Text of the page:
She chose to sleep on the couch outside our room instead of the room next door. And it was a comfy couch.
Ellie and Alice everywhere, always and forever.
I felt much more at ease after meeting Theron (The-ron) who was our river guide. I'm of the belief that he could navigate that Yellowstone River in his sleep. Which is to say that I felt like we were in good, capable hands. He also made the trip tons of fun with his stories, stunts and jokes. After 8 miles and 2 1/2 hours, each one of us was soaked, but all 8 of us managed to stay in the raft. I most enjoyed the bald eagle and the herd of elk we saw, while the kids raved about surfing the Giant twice, riding bull and playing rodeo. Hands down it was the most popular part of the trip for all 4 of us.
The flotilla sets out down the river.
Forward 2. Forward 2 more. Forward 3.
Theron at the stern.
Teddy riding bull at the bow.
Our first taste of rapids.
Big, refreshing water!
Cartwheeling off a large boulder.
Now Miss Bit is at the bow.
And fearlessly loving it I might add.
I think we have an eddy here otherwise known as THE Giant!
I love the joy on Lily's face in this one.
Lean in! The Giant is not going to win.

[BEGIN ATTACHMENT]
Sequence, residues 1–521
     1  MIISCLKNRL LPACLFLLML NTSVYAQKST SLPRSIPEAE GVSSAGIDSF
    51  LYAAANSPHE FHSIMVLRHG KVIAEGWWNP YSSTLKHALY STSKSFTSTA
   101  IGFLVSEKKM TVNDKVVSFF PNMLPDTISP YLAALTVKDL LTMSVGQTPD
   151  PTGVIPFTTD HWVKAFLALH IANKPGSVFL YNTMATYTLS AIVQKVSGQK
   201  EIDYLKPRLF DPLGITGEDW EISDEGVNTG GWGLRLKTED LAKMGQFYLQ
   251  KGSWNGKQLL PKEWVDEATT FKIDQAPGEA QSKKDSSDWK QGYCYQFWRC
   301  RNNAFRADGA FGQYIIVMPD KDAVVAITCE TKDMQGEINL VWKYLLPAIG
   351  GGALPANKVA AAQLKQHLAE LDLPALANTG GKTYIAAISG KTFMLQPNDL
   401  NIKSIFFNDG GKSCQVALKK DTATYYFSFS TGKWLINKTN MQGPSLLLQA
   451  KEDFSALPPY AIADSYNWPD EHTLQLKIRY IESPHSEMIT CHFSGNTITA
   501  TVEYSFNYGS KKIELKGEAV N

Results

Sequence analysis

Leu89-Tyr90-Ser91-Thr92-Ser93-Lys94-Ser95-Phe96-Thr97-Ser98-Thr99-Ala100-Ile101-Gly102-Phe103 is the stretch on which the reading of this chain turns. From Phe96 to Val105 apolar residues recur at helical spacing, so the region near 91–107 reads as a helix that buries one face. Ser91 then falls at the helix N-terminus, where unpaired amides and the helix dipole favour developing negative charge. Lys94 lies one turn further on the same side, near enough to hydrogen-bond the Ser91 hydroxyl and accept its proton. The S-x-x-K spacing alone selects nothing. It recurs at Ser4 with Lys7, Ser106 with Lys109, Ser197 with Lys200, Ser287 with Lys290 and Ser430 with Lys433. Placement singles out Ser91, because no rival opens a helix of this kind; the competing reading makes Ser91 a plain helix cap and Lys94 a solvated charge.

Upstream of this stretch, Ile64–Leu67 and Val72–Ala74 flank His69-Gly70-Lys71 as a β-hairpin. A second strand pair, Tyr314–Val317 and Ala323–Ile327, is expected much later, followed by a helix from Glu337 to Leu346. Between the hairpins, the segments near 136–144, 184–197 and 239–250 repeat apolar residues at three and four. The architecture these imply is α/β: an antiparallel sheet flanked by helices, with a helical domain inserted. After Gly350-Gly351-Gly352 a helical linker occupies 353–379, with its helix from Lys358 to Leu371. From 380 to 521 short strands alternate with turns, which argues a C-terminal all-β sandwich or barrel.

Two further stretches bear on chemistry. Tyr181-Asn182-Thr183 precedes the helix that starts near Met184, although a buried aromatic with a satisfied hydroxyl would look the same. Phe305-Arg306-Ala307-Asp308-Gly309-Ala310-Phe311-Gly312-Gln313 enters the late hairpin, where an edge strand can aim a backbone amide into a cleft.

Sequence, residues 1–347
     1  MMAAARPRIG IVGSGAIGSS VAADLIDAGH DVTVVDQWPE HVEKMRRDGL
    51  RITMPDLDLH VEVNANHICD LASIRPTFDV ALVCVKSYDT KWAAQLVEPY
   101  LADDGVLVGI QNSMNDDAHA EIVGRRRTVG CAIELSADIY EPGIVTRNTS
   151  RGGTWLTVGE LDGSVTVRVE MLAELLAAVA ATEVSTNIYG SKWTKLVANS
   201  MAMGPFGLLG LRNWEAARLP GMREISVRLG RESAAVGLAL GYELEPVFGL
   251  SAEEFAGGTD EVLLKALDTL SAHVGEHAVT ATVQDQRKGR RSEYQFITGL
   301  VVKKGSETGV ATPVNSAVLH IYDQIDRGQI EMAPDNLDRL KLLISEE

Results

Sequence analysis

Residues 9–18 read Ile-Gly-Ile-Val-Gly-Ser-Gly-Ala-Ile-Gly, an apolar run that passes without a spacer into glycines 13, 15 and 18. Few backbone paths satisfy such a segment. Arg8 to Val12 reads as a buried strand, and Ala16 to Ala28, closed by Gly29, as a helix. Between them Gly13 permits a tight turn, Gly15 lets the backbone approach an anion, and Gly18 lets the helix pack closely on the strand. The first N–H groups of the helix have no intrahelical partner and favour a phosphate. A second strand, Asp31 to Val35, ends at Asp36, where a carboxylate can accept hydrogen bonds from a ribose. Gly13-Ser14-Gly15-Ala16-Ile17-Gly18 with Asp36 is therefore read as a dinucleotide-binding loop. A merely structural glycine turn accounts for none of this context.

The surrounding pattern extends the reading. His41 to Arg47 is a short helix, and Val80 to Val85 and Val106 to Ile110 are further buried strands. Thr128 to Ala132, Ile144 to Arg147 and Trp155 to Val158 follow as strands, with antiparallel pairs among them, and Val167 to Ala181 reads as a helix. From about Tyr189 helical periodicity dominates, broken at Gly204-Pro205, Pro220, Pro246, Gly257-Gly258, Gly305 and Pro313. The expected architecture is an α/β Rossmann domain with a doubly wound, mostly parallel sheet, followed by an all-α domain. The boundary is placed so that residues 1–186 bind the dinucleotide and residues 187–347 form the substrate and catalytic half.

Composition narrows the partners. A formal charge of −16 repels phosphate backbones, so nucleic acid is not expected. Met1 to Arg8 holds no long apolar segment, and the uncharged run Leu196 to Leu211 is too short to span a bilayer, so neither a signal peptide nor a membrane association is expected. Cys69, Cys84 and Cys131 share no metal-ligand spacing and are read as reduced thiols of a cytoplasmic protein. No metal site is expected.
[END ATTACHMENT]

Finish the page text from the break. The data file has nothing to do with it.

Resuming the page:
Hydraulics are killer!
We're all wet, happy and in the boat after surfing The Giant not once, but twice.
All paddle salute!
Here I am happy for air conditioning and an icy margarita. He is happy for chicken wings.
Next to this placard was a sign suggesting we refrain from all sorts of activities such as submerging our heads in the river. Of course, we didn't read it until we were leaving. Too late!
Racing to the rock. Everything is a competition.
Looks like Miss Bit won this time.
A picture of Mammoth Hot Springs where the water reaches temperatures of 163 degrees. The run-off is what creates the hot, sometimes near boiling pockets in the river, hence The Boiling River.
More cumbersome than the variations of hot and cold are the many sharp and slippery rocks in the river bed.
Not for the tender footed.
Lily had such fun allowing herself to be carried down the cold river by the very strong current and then beating her way back up sometimes with her dad's help.
Ted preferred to float in the warm pockets.
Over time, swimmers build ledges to lounge on (or to keep from being carried away) with the bigger rocks.
It was so peaceful despite the fact we were not alone. There were probably 50 people along the river any given time. The next day as we passed, we saw a small herd of elk standing in the river much closer than 100 yards from the swimmers. No thank you.
The gloaming at The Boiling River.